Tools for eCommerce businesses have become so powerful that everyone uses them. And it’s great. Except when you need to make an analysis and the data comes from different sources.
Launching and managing an eCommerce store is now easier than ever. The amazing amount of new tools operating as SaaS (software-as-a-service) has changed the way digital businesses operate. The SaaS revolution of the last 10 years has hugely impacted almost every industry, allowing digital incumbent players to compete with large and resourceful companies. Retail, with the transition to eCommerce, is one of the most impacted, as there were huge barriers to build a large physical retail business (rentals, complex operations…). The current platforms and tools allow a small team with a great product to reach a lot of customers and manage the complexity to sell worldwide.
In an online store, the main tool is the “eCommerce Platform”: Shopify, WooCommerce, Prestashop, Magento… The most relevant information is stored there (customers, orders…). But there are a lot of other sources around them. For instance, apps or extensions that manage returns, CRM platforms, customer service tools, Google Analytics… All those data sources mainly pull information from the “eCommerce Platform”, but don’t send information back to it.
Additionally, the most relevant suppliers offer great platforms. The most clear example is advertising networks such as Facebook Ads and Google Ads. With a few clicks, you can set up a targeted campaign to reach your potential audience thanks to the great technology the tech giants have built. They hold lots of data, and they offer their customers relevant data, such as which ads are working better, to which countries… But they can’t offer other kinds of information, such as which percentage of the total sales is generated by their ads. Because they don’t have the total sales data, they “only” have their data. At a different scale, also several shipping and logistic companies have great platforms too, where their customers can manage shipments easily and get a lot of information, again hugely disconnected from other tools.
All those platforms operate independently in a technical dimension. For sure there are integrations and API connections, but much less than what is needed. On the one hand, it’s OK for a lot of processes because tools and platforms focus mainly on one process: acquiring users from Facebook, shipping an order from the warehouse to the customer… On the other hand, a lot of use cases require information that none of the current tools has completely.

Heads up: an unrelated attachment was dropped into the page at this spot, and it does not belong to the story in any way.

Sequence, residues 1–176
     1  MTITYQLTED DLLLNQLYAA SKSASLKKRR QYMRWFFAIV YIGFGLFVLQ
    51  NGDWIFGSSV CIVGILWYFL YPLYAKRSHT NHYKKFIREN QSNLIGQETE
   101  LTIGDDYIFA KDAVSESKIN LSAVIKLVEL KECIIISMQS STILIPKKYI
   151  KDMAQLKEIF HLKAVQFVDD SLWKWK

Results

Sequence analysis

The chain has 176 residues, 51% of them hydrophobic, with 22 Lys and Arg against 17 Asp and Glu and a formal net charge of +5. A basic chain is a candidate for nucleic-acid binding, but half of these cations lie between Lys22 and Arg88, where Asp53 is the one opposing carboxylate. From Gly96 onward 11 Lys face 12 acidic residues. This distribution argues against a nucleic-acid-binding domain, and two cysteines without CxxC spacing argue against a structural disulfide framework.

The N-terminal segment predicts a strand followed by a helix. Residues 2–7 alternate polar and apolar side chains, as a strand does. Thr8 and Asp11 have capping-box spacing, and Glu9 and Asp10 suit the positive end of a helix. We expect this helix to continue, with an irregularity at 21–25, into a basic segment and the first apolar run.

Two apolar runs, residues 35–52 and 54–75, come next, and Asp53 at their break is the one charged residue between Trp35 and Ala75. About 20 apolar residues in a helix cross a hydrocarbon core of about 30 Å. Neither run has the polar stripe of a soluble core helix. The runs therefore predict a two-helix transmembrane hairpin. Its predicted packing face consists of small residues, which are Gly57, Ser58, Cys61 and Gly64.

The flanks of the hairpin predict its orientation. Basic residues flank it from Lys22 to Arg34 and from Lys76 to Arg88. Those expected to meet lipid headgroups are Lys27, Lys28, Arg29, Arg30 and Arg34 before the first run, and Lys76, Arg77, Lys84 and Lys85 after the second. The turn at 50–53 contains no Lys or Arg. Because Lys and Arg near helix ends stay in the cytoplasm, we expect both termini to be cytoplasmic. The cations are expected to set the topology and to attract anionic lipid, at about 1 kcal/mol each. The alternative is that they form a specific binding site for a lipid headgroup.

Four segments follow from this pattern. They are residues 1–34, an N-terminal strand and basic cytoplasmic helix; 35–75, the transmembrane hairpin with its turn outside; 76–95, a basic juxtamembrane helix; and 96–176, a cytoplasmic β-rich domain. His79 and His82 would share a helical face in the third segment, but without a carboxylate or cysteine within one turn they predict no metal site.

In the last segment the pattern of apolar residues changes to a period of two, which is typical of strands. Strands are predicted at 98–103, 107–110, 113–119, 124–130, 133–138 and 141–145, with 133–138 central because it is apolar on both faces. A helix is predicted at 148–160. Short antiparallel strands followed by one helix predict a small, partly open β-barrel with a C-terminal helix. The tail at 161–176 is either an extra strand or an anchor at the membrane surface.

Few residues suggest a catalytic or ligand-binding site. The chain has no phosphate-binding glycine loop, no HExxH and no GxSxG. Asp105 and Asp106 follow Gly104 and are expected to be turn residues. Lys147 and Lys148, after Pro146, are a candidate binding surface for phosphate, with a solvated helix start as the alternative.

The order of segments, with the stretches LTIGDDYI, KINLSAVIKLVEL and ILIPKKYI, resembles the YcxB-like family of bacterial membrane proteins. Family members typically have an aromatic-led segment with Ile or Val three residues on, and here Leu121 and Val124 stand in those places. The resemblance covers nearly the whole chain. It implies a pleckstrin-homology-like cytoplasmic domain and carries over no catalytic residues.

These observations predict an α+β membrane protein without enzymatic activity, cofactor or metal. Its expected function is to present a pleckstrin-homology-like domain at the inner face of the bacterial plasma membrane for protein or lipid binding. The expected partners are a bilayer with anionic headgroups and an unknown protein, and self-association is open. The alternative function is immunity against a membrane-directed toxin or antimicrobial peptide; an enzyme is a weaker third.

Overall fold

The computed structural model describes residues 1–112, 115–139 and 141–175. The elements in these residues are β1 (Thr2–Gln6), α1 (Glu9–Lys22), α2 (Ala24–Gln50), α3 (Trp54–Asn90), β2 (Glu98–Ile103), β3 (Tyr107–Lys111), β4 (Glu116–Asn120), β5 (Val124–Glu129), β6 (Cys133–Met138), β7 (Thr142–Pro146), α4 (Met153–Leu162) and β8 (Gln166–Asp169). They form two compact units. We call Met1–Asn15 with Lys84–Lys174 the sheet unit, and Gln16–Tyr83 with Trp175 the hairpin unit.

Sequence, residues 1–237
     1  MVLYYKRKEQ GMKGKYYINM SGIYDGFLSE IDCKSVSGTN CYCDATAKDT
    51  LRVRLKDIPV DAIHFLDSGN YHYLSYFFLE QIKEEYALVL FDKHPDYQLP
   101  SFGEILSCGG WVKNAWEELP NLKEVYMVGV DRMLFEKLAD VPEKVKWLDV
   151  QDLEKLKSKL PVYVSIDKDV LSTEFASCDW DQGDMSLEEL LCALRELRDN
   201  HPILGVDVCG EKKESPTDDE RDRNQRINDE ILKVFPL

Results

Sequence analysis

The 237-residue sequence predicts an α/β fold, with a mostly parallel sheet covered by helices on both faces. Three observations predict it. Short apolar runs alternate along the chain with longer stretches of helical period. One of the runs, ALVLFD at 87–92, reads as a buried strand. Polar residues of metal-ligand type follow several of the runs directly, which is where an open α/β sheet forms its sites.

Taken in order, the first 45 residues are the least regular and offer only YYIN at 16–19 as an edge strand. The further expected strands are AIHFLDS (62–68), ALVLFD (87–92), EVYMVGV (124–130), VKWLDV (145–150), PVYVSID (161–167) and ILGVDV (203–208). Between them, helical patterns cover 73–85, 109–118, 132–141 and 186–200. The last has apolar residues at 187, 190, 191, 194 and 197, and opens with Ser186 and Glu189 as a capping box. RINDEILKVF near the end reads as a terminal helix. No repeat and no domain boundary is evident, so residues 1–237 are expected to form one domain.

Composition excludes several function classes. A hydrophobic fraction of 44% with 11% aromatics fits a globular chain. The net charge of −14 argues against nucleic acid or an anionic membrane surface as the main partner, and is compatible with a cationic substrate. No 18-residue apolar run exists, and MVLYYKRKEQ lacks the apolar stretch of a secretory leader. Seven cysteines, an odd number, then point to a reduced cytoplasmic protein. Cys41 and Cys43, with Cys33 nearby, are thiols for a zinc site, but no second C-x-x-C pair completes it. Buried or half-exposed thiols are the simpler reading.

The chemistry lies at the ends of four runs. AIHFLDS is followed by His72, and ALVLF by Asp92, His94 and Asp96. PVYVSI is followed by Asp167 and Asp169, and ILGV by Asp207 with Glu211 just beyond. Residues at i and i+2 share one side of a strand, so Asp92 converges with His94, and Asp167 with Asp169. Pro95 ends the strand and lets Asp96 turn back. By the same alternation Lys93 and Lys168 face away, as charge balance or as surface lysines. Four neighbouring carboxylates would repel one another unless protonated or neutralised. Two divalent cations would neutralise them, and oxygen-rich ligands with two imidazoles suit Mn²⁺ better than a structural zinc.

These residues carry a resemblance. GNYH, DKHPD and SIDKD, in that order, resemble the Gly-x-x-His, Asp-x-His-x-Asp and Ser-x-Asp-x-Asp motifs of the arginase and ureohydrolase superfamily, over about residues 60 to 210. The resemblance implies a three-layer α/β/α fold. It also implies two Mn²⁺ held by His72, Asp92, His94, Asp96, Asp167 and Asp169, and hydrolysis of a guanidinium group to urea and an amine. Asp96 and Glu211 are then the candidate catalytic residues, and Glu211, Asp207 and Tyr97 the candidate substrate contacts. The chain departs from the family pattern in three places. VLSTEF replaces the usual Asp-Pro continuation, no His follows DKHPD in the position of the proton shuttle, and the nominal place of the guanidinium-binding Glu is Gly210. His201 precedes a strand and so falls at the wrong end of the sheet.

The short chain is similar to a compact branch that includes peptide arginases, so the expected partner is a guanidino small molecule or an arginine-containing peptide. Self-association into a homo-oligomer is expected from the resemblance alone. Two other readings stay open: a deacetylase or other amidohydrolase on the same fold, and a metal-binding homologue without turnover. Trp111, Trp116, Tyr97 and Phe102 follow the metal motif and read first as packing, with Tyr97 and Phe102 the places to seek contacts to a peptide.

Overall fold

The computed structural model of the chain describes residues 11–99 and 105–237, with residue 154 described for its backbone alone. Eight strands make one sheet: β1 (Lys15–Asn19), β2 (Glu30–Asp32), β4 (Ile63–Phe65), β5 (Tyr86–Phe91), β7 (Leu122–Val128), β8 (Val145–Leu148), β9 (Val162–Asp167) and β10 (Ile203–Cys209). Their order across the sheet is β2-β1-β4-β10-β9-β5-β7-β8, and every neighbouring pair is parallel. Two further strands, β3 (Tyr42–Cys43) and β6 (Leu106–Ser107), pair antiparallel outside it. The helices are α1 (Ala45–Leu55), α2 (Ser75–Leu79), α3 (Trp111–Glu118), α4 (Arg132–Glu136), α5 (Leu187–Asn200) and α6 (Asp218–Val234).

Large companies solve this problem by having a core technology platform managed by them, normally an ERP solution (Enterprise Resource Planning). For them, every relevant business process should go through it, involving tons of custom-built software on a very flexible platform such as SAP. But small and medium-sized companies can’t invest as much as requiered to have a good set-up of an ERP. A deployment of such a solution costs the magnitude of hundreds of thousands, it’s not flexible to constant changes of processes and suppliers, and it’s better not to have it than having it poorly implemented. For standard eCommerce businesses, the “eCommerce Platform” such as Shopify is the closest tool they have to an ERP.
The solution for the business intelligence problem of it is having a place where all the relavant information is merged. The technical name for it is Data Warehouse, also called sometimes Enterprise Data Warehouse. In short, it is a database where the information from the relevant data sources is sent and from where a data visualization tool pulls the information to be displayed in charts, dashboards… In the last few years, types of databases have been developed to operate as Data Warehouses such as Amazon Redshift, Snowflake or Google BigQuery.
The first big challenge is to get the information from the data sources, most frequently via API, and copy this information on the Data Warehouse. Once every information is in the same data source, it can be combined smoothly. For example, taking the order identifier from the information taken from Shopify and searching this identifier in the list of shipments from the carrier – UPS for instance. Once this is done, a visualization tool such as Tableau, Power BI, Superset or Looker can display information from UPS and Shopify combined: a line chart that displays the average amount of days it takes an order from being purchased on Shopify to be delivered by UPS.
And there are more complex analyses very hard to be made without connecting the data sources. For example, computing the margin of a given SKU in a specific country for a given month. Without a Data Warehouse, at last the following data should be downloaded and copied to an Excel spreadsheet to make the calculation:
- Get the amount of net sales and net number of units sold from Shopify
- Get the manufacturing cost of this SKU, probably from an Excel file from someone in the team
- Get advertising cost from Facebook Ads and Google Ads allocated to this SKU – this is a tough one
- Get the shipment cost from UPS – take into account that this SKU can be combined with others in a same shipment so the shipment cost should be split
- Get the payment fee taken by Shopify Payments and Paypal
And one month later, the information is outdated and the work needs to be done again…